It seems you are very interested to seeing horse motifs from IVC. Did you ever check if there was a cow motif? Do you think Harappans had only bulls to deal with?

I will check and list the places where horse remains are found.
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Old December 14th, 2016, 02:36 PM   #48

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Thanks, but how we know he was a soldier but not some random hunter. Hope you understand the difference between vyadha and Kshatriya. I was expecting some solid proof.

Well, traders also need god. I am not sure how this is illogical if some traders is praying for his successful campaign to Dilmun or Sumer after crossing the mighty sea. Well, someone needs god more in this situation rather than in the case of stealing cows. Or as it seems Priests were totally ignoring the traders and their beliefs. This can't be expected from the priests of trade oriented society of IVC. The mighty cities (also not mentioned in Rig Veda) thrive on this mighty and risky trade.

People who understand the Harappan motifs are clear that Harappans give more importance to male animals. Your question would have been more logical if you have asked why stallions are are there but no mares. Hope I do not have to explain that cows are just the females of bulls !
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Old December 14th, 2016, 03:20 PM   #49
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Thanks, but how we know he was a soldier but not some random hunter. Hope you understand the difference between vyadha and Kshatriya. I was expecting some solid proof.

Well, traders also need god. I am not sure how this is illogical if some traders is praying for his successful campaign to Dilmun or Sumer after crossing the mighty sea. Well, someone needs god more in this situation rather than in the case of stealing cows. Or as it seems Priests were totally ignoring the traders and their beliefs. This can't be expected from the priests of trade oriented society of IVC. The mighty cities (also not mentioned in Rig Veda) thrive on this mighty and risky trade.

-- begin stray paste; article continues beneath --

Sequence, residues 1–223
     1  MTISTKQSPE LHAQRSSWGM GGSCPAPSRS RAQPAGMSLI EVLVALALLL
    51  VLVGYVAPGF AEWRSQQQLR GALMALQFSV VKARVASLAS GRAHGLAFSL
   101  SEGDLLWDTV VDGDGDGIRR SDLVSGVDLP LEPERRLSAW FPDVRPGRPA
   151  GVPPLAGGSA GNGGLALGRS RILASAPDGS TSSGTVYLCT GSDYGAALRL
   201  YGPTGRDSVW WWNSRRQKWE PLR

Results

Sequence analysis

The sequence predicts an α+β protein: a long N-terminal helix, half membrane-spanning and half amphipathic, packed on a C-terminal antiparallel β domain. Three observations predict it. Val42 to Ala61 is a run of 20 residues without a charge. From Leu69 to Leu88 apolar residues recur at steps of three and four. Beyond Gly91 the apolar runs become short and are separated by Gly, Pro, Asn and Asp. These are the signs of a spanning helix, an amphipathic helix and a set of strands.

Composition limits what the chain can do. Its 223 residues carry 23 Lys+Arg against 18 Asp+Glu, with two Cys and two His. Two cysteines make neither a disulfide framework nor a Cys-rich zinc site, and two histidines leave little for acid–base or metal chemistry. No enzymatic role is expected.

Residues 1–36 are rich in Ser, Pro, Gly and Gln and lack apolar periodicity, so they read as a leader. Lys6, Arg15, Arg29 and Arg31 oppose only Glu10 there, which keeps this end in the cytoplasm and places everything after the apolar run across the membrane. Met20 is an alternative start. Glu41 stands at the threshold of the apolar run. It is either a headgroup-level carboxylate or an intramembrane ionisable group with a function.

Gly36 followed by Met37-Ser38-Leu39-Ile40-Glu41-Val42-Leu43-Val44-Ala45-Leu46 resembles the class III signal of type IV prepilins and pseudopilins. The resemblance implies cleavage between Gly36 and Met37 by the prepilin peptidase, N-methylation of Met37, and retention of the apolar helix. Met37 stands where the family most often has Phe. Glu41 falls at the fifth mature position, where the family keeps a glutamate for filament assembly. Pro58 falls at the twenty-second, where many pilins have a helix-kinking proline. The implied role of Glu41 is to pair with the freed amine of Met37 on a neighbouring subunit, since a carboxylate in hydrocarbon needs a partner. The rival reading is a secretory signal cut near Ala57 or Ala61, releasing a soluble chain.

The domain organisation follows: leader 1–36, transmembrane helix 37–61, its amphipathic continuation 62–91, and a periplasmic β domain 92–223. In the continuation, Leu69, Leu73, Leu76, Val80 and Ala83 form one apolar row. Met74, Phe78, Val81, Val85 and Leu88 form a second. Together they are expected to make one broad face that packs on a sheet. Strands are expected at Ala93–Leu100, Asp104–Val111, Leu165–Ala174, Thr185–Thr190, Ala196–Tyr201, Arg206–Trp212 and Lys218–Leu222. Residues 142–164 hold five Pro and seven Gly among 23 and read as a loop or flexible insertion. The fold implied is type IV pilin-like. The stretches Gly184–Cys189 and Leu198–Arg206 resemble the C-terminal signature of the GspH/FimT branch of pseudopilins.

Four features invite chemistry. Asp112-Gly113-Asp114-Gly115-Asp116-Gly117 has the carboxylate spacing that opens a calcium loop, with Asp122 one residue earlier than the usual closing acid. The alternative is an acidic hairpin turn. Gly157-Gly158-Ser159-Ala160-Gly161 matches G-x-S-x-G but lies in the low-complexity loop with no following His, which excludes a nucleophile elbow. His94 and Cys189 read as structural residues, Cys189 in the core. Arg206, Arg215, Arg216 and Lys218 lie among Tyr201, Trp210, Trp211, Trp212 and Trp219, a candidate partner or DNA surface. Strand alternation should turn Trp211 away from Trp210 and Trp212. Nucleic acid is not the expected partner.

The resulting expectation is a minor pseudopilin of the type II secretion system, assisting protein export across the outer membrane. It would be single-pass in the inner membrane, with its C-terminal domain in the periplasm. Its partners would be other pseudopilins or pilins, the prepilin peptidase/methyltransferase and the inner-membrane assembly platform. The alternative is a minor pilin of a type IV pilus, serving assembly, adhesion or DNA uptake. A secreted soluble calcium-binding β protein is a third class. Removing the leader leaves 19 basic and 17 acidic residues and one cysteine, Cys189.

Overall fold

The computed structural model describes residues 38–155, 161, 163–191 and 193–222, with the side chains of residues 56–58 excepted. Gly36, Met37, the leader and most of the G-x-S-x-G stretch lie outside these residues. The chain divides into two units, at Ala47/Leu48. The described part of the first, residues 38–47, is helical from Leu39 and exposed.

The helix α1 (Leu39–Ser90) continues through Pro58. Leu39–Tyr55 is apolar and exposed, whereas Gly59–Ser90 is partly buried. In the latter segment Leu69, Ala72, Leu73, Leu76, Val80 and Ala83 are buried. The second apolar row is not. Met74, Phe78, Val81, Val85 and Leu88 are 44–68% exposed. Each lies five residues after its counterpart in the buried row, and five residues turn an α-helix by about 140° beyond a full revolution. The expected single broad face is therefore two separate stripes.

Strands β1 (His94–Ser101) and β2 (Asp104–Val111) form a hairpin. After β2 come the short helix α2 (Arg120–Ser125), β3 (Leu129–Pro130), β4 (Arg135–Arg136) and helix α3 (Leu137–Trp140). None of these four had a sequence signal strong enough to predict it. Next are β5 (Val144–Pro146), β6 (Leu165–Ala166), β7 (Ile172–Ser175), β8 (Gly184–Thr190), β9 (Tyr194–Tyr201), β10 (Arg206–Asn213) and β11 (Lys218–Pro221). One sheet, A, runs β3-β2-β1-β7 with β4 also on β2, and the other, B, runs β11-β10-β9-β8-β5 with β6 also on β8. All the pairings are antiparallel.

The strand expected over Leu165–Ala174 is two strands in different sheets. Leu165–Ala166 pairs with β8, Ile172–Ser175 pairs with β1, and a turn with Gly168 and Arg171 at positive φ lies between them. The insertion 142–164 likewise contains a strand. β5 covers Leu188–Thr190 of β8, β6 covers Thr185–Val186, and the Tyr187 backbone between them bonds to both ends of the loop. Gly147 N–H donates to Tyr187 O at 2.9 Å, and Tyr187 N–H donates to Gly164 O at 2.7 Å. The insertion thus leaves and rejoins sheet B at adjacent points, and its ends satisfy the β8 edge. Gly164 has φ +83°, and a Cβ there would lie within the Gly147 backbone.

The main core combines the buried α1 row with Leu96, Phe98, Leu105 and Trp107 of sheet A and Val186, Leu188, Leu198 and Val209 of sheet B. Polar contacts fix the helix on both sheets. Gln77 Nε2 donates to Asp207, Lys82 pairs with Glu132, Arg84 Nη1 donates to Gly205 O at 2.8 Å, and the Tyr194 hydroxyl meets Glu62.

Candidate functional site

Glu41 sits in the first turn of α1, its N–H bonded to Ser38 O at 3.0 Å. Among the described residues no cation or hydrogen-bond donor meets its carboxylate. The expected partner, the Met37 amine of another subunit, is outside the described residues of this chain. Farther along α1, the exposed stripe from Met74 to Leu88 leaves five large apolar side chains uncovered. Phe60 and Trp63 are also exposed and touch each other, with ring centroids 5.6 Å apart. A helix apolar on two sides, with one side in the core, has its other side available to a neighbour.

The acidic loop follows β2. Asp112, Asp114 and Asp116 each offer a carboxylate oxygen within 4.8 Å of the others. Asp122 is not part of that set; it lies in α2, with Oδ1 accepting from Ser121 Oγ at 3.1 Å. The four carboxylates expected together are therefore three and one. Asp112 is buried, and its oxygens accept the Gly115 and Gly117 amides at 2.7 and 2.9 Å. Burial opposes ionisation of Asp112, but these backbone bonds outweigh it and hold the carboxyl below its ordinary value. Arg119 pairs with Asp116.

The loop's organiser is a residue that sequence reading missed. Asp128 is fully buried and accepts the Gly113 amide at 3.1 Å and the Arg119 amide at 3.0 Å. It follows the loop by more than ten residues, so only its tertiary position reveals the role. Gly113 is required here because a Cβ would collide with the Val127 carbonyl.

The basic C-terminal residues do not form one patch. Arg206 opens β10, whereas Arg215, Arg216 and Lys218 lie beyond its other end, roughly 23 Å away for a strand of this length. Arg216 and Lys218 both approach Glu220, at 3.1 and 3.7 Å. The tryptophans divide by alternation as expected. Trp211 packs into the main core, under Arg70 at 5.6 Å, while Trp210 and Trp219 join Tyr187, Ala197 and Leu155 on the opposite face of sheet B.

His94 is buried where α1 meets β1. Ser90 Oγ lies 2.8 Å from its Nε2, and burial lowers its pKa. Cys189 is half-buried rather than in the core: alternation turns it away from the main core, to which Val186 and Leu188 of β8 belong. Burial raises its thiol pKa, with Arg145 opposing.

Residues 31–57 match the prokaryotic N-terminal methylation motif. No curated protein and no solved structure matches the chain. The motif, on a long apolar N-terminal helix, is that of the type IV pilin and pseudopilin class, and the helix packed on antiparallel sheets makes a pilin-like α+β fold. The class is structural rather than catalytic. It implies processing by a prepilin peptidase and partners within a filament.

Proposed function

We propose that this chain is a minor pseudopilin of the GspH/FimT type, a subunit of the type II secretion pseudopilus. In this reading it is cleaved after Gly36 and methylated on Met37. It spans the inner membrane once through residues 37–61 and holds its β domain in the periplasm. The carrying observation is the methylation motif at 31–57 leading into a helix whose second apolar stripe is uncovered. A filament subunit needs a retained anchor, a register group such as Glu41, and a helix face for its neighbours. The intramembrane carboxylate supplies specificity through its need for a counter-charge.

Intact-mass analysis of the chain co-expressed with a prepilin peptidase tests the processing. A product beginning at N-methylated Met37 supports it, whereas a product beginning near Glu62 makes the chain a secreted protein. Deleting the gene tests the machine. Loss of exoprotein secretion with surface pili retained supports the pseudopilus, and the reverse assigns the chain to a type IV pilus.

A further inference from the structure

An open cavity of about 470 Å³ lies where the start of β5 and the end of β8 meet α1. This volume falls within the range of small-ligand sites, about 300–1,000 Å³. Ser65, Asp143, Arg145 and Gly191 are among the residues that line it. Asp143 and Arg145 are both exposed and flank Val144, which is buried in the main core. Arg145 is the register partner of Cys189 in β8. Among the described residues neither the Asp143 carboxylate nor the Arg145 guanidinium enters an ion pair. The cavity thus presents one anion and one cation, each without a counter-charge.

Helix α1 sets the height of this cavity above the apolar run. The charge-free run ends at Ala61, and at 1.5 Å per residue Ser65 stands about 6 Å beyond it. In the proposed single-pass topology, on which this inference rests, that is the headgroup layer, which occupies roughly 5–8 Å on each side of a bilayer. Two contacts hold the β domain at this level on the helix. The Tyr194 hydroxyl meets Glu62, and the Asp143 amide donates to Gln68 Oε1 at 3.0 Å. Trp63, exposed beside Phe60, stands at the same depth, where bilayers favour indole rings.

People who understand the Harappan motifs are clear that Harappans give more importance to male animals. Your question would have been more logical if you have asked why stallions are are there but no mares. Hope I do not have to explain that cows are just the females of bulls !
We do not have one single evidence for a chariot till Mauryan times or perhaps even later. But yet we have no trouble to accept the fact that The Vedic people until then did have chariots, and even fought wars on chariots! But we start questioning the absence of chariots, horses, swords, etc.. once we get to the Harappan period. See a pattern?

Yes, I do know the difference between a vyadha and a Kshatriya. You should know that the symbol that I posted "does not" tell you anything about whether he was a vyadha or Kshatriya. All it tells you is that the bow and arrow "were" used. Now, it does not preclude us to imagine that the bows and arrows were used for fighting with other people too. Can you do that? Unfortunately, some of the drawings from the Harappan period throw more questions at us than offer clues.

Yes, certainly traders needed Gods, and we had one of the Vaishya Sages in Rig Veda too (I forget his name, I will post it later). But that does not mean that the hymns start mentioning the places where the traders were headed to. I do not know how difficult it is to comprehend that. Let us say, I am a trader heading to another country, the hymns will only be prayers to the Lord to make my trade successful, and further, if travelling, the hymn will be like "let the travel be safe and yield us riches". I am doubtful if anybody would have a specific hymn like "Let the travel to XYZ be successful".

There are many hymns in Rig Veda that talk about the YajamAna praying for riches, without any necessity of mentioning the specific place where the trade is happening. Further, the dana stutis, and other riks that talk about Kings, do talk about some places, but that is incidental.

Some of the riks that talk about stealing cows are very symbolic. Perhaps you haven't given enough thought on those riks. See the Aryan invasion theory or contra thread where I have posted a few riks that have explicit mention of regional flora and fauna.

Again, having said that Harappans were Vedic does not mean they had to be Rig Vedic people. For all we know, it is possible that Rig Veda happened much earlier. It seems to me so far that is indeed the case.
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Old December 14th, 2016, 08:31 PM   #50

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OK Sir, I asked for archaeological evidence. Yes, I have read the stories. Thank you.
When archaeological proofs are not available, we have to go by literary proofs.